At their meeting, President Higgins recalled his State Visit to China in December 2014 and his discussions with President Xi Jinping both during that State Visit and when President Xi visited Ireland as China’s Vice-President in 2012.

In their discussions, the President resumed conversations which he had with President Xi in 2014 with regard to the interacting crises of climate change, global poverty, food security, global conflict, and recasting development to take account of debt.

President Higgins further took up some of the points on the five macro-economic principles which Premier Li advanced in his recent special address in Davos. There was agreement between the President and the Premier on the need for science and technology to be shared where they have the greatest effect without borders and there was common agreement that the test for this should be where it can have the greatest benefit for humanity.

The President referred to the 45th anniversary of diplomatic relations between Ireland and China, and in that context noted the value of enabling straightforward dialogue on issues between countries with friendly relations to the benefit of all in a fundamental and long-term sense.

In this regard, the President referenced the forthcoming meetings of the Universal Periodic Review taking place in Geneva, the points that are likely to arise during that process, and gave the background to the Irish position on those matters.


Chinese premier says China, Ireland should regard each other as key cooperative partners

DUBLIN, Jan. 17 (Xinhua) — China and Ireland should adhere to mutual benefit, and always regard each other as key cooperative partners and development opportunities, Chinese Premier Li Qiang said here Wednesday.

Li made the remarks when meeting with Irish Prime Minister Leo Varadkar at Farmleigh House, the official Irish state guest house, in the Irish capital of Dublin.

During their talks, Li said China and Ireland have maintained healthy and stable development of their ties since the establishment of their diplomatic relations 45 years ago.

In recent years, particularly, under the strategic guidance of President Xi Jinping and President Michael D. Higgins, the China-Ireland strategic partnership for mutually beneficial cooperation has increasingly deepened, and exchanges and cooperation in various fields have continuously expanded, bringing tangible benefits to the two peoples, Li said.

China is ready to work with Ireland to carry forward traditional friendship, consolidate political mutual trust, deepen mutually beneficial cooperation and share development opportunities more fully, in a bid to bring more benefits to the two countries and the two peoples, Li noted.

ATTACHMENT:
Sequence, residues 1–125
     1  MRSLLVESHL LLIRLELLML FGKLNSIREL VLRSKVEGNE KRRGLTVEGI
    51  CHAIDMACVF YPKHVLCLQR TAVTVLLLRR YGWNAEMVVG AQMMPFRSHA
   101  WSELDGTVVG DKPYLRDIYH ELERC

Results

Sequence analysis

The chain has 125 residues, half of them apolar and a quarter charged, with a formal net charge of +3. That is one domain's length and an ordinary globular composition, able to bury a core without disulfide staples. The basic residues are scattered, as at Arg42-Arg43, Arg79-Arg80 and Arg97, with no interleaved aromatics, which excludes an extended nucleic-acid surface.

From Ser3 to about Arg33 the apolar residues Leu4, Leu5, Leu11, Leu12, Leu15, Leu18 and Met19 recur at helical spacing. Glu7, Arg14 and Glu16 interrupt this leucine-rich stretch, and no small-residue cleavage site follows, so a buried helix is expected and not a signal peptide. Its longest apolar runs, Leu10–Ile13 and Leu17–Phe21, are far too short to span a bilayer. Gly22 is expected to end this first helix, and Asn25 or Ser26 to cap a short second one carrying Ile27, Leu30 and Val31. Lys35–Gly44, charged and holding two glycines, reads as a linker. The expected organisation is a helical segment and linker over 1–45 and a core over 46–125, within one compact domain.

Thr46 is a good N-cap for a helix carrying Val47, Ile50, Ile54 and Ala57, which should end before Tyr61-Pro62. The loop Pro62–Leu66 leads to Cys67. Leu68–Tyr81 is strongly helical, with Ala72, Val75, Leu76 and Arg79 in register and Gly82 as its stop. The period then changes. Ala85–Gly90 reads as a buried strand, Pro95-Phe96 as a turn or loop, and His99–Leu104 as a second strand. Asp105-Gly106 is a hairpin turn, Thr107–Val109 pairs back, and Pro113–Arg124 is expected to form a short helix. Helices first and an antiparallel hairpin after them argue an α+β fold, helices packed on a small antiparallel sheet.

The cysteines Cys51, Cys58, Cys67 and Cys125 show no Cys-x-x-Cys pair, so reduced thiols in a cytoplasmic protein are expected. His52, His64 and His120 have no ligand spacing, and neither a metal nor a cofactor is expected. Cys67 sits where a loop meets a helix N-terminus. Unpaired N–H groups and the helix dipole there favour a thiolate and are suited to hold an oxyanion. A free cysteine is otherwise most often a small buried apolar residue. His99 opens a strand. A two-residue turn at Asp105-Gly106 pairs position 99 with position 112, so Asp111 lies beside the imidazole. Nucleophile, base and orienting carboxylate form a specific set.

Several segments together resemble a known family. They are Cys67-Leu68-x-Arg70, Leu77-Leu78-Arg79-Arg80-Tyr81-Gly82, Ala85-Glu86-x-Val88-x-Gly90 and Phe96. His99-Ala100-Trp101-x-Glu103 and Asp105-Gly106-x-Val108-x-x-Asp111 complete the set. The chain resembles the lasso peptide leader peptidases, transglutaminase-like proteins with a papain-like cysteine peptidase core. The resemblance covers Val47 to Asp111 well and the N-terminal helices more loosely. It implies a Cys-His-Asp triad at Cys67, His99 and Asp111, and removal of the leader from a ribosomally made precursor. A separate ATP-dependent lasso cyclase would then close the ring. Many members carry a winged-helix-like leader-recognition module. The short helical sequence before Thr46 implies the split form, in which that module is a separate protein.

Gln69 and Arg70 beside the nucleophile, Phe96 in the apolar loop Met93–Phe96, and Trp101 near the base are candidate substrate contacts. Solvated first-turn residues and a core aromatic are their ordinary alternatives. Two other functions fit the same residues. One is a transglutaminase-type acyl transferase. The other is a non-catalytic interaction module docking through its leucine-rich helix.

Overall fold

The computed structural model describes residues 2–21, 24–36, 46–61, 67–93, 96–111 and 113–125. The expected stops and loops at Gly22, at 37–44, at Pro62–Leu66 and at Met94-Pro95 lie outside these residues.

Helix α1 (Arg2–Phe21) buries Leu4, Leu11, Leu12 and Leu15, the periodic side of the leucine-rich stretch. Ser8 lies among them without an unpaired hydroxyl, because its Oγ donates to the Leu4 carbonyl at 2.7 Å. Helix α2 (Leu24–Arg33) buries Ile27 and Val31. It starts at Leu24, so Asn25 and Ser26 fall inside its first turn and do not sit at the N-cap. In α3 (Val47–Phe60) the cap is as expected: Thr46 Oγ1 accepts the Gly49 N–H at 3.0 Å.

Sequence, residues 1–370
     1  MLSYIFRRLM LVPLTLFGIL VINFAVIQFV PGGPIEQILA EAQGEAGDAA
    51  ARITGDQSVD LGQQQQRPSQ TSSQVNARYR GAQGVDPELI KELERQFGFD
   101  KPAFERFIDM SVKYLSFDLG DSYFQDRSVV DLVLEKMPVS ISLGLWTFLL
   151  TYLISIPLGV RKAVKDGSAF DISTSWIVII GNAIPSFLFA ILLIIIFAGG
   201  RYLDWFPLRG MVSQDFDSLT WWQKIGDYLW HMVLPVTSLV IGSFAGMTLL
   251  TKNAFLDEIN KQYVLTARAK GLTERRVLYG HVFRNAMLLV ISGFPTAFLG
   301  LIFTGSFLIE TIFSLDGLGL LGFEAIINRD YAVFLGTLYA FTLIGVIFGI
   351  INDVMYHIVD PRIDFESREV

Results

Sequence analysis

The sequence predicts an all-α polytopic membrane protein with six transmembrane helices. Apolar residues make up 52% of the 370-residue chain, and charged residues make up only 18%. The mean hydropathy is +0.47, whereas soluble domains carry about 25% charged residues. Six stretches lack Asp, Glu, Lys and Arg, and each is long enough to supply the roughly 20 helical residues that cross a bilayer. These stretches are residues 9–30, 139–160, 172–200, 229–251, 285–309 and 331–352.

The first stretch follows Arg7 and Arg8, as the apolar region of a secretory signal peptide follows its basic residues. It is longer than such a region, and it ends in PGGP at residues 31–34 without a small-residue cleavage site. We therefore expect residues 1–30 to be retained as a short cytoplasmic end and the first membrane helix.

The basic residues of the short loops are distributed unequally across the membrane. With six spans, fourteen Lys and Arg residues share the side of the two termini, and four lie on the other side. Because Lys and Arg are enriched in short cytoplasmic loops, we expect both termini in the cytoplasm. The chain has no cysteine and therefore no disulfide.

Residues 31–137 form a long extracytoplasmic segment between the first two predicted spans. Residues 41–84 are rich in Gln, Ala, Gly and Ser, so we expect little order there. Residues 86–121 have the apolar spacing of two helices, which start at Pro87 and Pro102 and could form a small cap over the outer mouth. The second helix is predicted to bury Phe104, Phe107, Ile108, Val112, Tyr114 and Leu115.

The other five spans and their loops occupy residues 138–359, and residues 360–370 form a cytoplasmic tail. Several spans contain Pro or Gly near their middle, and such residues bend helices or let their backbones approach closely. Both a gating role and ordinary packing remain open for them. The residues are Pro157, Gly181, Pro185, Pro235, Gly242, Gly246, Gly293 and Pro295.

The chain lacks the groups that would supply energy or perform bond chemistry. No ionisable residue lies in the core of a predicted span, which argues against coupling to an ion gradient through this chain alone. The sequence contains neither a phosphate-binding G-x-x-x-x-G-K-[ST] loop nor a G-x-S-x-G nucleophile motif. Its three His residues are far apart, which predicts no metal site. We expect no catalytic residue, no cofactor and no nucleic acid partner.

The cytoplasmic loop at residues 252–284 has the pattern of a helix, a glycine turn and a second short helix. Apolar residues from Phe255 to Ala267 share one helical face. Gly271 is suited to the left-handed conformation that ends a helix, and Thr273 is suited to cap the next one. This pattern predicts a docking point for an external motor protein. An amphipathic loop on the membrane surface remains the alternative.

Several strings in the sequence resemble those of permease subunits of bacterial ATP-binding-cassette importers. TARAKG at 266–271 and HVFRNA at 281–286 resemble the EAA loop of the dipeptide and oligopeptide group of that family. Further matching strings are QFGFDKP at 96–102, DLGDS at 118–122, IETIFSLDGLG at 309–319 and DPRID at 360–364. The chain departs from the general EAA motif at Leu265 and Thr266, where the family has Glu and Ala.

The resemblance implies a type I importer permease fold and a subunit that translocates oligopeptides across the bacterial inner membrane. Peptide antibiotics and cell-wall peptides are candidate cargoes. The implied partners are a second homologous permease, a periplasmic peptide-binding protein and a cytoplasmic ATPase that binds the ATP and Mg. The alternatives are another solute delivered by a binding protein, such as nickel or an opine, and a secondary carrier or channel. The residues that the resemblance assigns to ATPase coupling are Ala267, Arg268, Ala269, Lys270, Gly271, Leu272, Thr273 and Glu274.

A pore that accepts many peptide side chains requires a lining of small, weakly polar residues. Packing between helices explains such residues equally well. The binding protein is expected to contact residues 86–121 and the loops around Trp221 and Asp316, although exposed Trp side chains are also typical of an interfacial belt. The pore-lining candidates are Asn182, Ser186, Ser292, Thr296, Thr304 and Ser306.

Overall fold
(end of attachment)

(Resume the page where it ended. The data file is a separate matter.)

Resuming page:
Li expressed China’s willingness to work with the Irish side to adhere to mutual respect and trust, strive to seek common ground while shelving and resolving differences, deepen mutual understanding, and support each other on major issues.

China and Ireland should continuously expand trade, strengthen cooperation in green and low-carbon development, sustainable agriculture, finance and other fields, and expand innovation cooperation in digital economy, biomedicine and artificial intelligence, making the pie of cooperation bigger, he said.

China will apply unilateral visa-free policy to Ireland to facilitate personnel exchanges between the two countries, Li said, voicing the expectation that Ireland will provide an open, fair and non-discriminatory business environment for Chinese enterprises.

China is willing to strengthen coordination and cooperation with Ireland within the United Nations and other multilateral frameworks, practice genuine multilateralism, jointly tackle global challenges and promote the building of a community with a shared future for mankind, he said.

It is hoped that Ireland will play a greater role in promoting the sound and stable development of China-Europe relations, said Li.

For his part, Varadkar said that China is an important cooperative partner of Ireland, and the two countries have always adhered to mutual respect and trust.

Ireland appreciates China’s great achievements in economic and social development, always abides by the one-China principle, and hopes that China will achieve peaceful reunification at an early date, he added.